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based, measuring the circulating concentrations of micronutrients. When comparing the evidence provided by these two measurement approaches, food-frequency questionnaires provide a better average measure of micronutrient intake, whereas assaying circulating micronutrient concentrations provides a biological measure that is more proximal to the cellular level where the biologic effect is postulated to occur. However, circulating micronutrient concentrations will vary based on numerous factors including recent diet and thus are transient in nature and may therefore have limited relevance to the most biologically important exposure period. The strongest evidence for the biomarker approach is generated from prospective cohort studies, where blood is collected from a population that is initially cancer free and the population is then followed for the occurrence of lung cancer. For these reasons, these measurement approaches are best viewed as complementary. The example of carotenoids exemplifies the complexities involved in attempting to determine the role of diet in the etiology of lung cancer. A systematic review of prospective studies of both dietary intake and prediagnostic blood concentrations indicated there was an inverse association between carotenoids and lung cancer [61]. For example, both dietary intake and circulating concentrations of total carotenoids were associated with 20–30 % lower risk of lung cancer in the highestversus-lowest exposure categories [61]. In addition to these results for total carotenoids, prospective studies also showed that circulating concentrations of specific carotenoids (α-carotene, β-carotene, β-cryptoxanthin, lutein, and lycopene) were consistently inversely associated with future lung cancer risk [61]. This body of evidence prompted the WCRF to rate foods containing carotenoids as “probable” protective factors for lung cancer [52]. However, it cannot be determined with certainty if the inverse association between carotenoids and lung cancer is directly due to carotenoid intake, or whether carotenoid intake merely serves as a marker of the intake of other protective substances or healthier dietary habits in general. As described in the section below on chemoprevention, this point is amplified by the fact that the results of large-scale randomized controlled trials conclusively demonstrated that β-carotene consumption is associated with increased risk of lung cancer in smokers [61]. The emphasis of this section on carotenoids is useful to illustrate the issues facing the study of micronutrients in relation to lung cancer in general. With respect to other micronutrients, for dietary intake the evidence is most abundant for vitamins A, C, and E. The evidence relating measures of retinol intake to lung cancer risk was rated by WCRF as providing “limited—suggestive” evidence that retinol is actually associated with increased risk of lung cancer [52]. The evidence for foods containing selenium was judged to be “limited—suggestive” of a protective association [52]. Studies of vitamin C have tended to consistently point toward an inverse association, but the evidence was judged insufficient for a conclusion by WCRF, as was the evidence for vitamin A, the B vitamins, and vitamin E/tocopherol [52]. With respect to updates of the evidence since the 2007 WCRF report, strong inverse associations were observed between serum B vitamin concentrations and subsequent lung cancer risk in the EPIC Cohort [62], particularly for vitamin B6 and methionine. In the Melbourne Collaborative Cohort Study, dietary intake of riboflavin was inversely associated with lung cancer risk in current smokers (highestversus-lowest RR 0.53 95 % CI 0.29–0.94) but not in never and former smokers; null associations were observed for the B vitamins or methionine [63]. In the Women’s Health Initiative Cohort Study, a study of postmenopausal women, dietary vitamin D intake was not associated with lower lung cancer risk overall, but a statistically significant inverse association was observed in never smokers [64]. In the Shanghai Women’s Health Study the RRs of lung cancer were 1.0 (referent), 0.87 (95 % CI 0.8–1.11), and 0.78 (95 % CI 0.58–1.07) according to the low, middle, and high thirds of dietary vitamin E intake (p-for-trend 0.12) [65]. These more recent results highlight the challenges to making strong inferences about the associations between many micronutrients and lung cancer. If associations are observed at all, they are not always statistically significant associations for the main results, and if associations are observed they may only emerge in specific population subgroups. Evidence of this nature makes it difficult to discern whether these associations are genuine or chance findings.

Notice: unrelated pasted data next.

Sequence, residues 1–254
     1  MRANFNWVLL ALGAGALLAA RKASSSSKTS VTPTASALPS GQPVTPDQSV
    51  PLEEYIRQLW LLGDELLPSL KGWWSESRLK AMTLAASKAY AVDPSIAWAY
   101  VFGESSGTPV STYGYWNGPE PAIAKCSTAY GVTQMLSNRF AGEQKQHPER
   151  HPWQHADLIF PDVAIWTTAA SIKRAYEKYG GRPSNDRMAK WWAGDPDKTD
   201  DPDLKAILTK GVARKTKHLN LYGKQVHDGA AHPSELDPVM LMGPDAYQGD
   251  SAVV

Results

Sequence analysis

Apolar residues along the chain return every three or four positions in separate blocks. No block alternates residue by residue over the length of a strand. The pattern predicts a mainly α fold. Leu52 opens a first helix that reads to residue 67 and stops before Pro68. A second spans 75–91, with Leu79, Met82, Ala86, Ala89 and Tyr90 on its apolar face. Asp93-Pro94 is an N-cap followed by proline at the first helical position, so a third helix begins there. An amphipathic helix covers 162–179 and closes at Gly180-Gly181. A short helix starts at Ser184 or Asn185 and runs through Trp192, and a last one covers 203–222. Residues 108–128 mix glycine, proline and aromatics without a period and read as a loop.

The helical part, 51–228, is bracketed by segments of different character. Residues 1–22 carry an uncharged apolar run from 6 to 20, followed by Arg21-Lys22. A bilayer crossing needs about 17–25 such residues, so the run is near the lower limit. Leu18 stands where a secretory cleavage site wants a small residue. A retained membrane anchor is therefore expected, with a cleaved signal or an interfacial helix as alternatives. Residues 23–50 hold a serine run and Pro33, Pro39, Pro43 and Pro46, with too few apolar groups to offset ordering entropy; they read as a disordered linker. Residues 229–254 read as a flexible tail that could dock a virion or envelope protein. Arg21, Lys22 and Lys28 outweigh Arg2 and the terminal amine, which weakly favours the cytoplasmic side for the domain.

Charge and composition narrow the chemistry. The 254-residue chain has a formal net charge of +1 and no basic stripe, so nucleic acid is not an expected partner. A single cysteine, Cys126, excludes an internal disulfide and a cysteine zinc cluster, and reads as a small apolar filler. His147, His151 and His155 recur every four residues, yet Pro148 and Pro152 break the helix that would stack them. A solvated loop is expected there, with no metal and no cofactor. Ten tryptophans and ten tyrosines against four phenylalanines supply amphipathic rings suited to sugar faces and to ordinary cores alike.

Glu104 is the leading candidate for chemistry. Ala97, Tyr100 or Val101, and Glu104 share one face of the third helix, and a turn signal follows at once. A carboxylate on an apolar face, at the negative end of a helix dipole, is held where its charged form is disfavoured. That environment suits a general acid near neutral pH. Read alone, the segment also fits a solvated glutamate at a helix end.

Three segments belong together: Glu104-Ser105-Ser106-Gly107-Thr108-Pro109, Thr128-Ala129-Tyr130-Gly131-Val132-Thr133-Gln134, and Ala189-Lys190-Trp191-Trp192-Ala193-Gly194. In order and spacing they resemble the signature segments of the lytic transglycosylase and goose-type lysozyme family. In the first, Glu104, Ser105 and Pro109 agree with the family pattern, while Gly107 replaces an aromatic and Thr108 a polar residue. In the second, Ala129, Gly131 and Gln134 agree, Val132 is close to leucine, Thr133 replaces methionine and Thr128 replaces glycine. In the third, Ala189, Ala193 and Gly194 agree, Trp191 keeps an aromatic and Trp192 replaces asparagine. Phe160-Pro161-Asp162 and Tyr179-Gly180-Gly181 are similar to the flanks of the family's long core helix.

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Phytochemicals Phytochemicals are low molecular weight molecules produced by plants. Of the many classes of phytochemicals, those most commonly studied in relation to lung cancer include phytoestrogens, flavonoids, and glucosinoids. The tumor promoting effects of steroid hormones can be blocked by phytoestrogens. Soya beans are a primary source of a specific class of phytoestrogens known as isoflavonoids. The relatively few studies to date of isoflavonoids in relation to lung cancer have not provided evidence of a link, and the WCRF report found the evidence too limited to reach a conclusion [52]. Data from the Shanghai Women’s Health Study have since been published indicating a strong inverse association between soy food intake and lung cancer [66]. Yang et al. also carried out a meta-analysis of 7 case–control and 4 cohort studies of soy intake in relation to lung cancer and calculated a summary relative risk estimate of 0.83 (95 % CI 0.72–0.96) for the highest-versus-lowest category comparisons. Flavonoids are polyphenolic compounds found in many foods derived from plants; flavonoids often exhibit potent antioxidant activity. Some fruits contain high levels of flavonoids, such as apples (quercetin) and white grapefruit (naringin). Flavonoid intake has been at least weakly associated with reduced risk of lung cancer in many, but not all, of the studies to date but the evidence was too limited for a conclusion to be drawn in the WCRF report. The evidence that flavonoid intake from food sources may be inversely associated with lung cancer risk continues to accrue [67]. Isothiocyanates are metabolites of the class of phytochemicals known as glucosinolates. Isothiocyanates could exert anticancer effects by blocking carcinogens via induction of phase II detoxification enzymes, such as glutathione S-transferase. Cruciferous vegetables contain high concentrations of glucosinolates, so that cruciferous vegetable intake is positively correlated with higher endogenous isothiocyanate concentrations. As with cruciferous vegetables, lung cancer risk is also consistently lower with higher intakes or urinary concentrations of isothiocyanates [68–70]. A postulated biologic relationship between isothiocyanates and a common polymorphism in the GSTM1 gene provides an example of a potential gene–diet interaction relevant to lung carcinogenesis. A growing focus in cancer epidemiology is to characterize interindividual susceptibility to cancer by studying polymorphisms in genes involved in carcinogenic pathways, including how these genetic markers interact with environmental exposures to contribute to cancer risk. The role of glutathione S-transferase as a phase II detoxification enzyme has made a common polymorphism in the glutathione S-transferase M1 (GSTM1) gene of interest in relation to lung cancer. Compared to persons with the GSTM1 present genotype, those with the GSTM1 null genotype have a small but statistically significantly higher risk of lung cancer [71]. When isothiocyanates have been studied in combination with GSTM1, the decreased risk of lung cancer associated with isothiocyanates has been especially pronounced in persons with the GSTM1 null genotype [57]. This association could represent the cancer blocking activity of isothiocyanates being allowed to play an enhanced role in GSTM1 null individuals because they are not being metabolized as quickly as in those with the GSTM1 present genotype. This example illustrates the potential interactions between genetic and dietary factors. Integrating genetic and epigenetic markers into the study of nutritional factors provides a mechanistically based approach that holds promise for advancing understanding of the complex role of diet in the etiology of lung cancer.